Whenever anybody asks me “what are your favourite films”, when my answer is proffered I’m usually met with a blank stare akin to a dog being shown a card trick.
Along with the likes of Fargo, Being John Malkovich and Easy Rider, one of the first names out of my mouth is usually Breaking Away.
Trying to explain to non-cyclists why this film means so much to me is no easy task. Even other cyclists who may not have heard of the 1979 Oscar winner for Best Screenplay seem perplexed and unable to grasp the concept of a teen coming-of-age film featuring that rarity of Hollywood filmdom, a *gasp* cyclist.
And that’s all that Breaking Away is. It’s not a cycling film, not a fly on the wall doco like A Sunday In Hell or Hell On Wheels. In fact it’s completely bereft of hell in any form. To me, it’s heaven, sometimes on wheels, sometimes in Mike’s Buick, sometimes in the swimming hole at the old abandoned limestone quarry.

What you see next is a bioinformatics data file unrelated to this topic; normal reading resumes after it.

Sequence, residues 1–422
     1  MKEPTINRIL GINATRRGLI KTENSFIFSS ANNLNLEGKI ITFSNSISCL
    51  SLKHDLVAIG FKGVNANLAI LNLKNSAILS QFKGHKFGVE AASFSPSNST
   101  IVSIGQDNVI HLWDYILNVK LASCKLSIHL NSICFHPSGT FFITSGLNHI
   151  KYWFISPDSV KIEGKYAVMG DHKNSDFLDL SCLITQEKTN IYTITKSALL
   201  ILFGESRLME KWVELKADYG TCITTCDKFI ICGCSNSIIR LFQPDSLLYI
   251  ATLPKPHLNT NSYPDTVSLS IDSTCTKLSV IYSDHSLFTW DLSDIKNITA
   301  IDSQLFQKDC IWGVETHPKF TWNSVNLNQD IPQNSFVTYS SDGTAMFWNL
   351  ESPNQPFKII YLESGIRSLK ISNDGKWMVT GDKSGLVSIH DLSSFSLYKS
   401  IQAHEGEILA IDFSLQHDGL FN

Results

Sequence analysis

I could go on about the classic scenes and lines from the film, like the pump in the spokes, drafting the truck or Dave’s Italophile obsessions. But those who have seen the film will know these already, and those who haven’t, well I wouldn’t want to spoil your impending viewings.
But I will admit to this; I actually have been close to tears on one of my many, many viewings, while introducing it to a girlfriend, who must’ve been somewhat bemused by a grown man getting emotional about some loser teenagers winning some stupid bike race. And I’m not ashamed of that, because it is really so much more.
When Cyril is being jostled by the adoring masses at the end of the Little 500, the look of acceptance, of achievement which washes over his face, an expression made possible by the simple act of riding a bicycle, that to me is one of the great cinematic moments.
One I will enjoy over and over again, thirty years on and counting.
For a comprehensive look at everything Breaking Away, check out this site.
And the original trailer here.